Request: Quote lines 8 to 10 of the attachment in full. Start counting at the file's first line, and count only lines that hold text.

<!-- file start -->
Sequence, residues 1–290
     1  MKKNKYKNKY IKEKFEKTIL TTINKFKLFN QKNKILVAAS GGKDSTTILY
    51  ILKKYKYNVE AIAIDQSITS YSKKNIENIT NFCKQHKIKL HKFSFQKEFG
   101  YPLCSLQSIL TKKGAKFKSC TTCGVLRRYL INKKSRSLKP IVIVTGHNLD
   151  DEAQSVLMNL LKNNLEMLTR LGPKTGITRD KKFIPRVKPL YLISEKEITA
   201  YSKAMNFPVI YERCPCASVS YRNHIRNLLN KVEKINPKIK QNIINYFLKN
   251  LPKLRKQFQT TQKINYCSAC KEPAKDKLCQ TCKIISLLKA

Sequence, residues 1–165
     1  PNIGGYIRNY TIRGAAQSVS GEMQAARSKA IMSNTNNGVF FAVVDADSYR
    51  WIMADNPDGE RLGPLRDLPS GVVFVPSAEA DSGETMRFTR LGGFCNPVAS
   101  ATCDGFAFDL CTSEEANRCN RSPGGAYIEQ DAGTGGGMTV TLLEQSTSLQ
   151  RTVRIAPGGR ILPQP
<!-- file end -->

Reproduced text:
Sequence, residues 1–165
     1  PNIGGYIRNY TIRGAAQSVS GEMQAARSKA IMSNTNNGVF FAVVDADSYR
    51  WIMADNPDGE RLGPLRDLPS GVVFVPSAEA DSGETMRFTR LGGFCNPVAS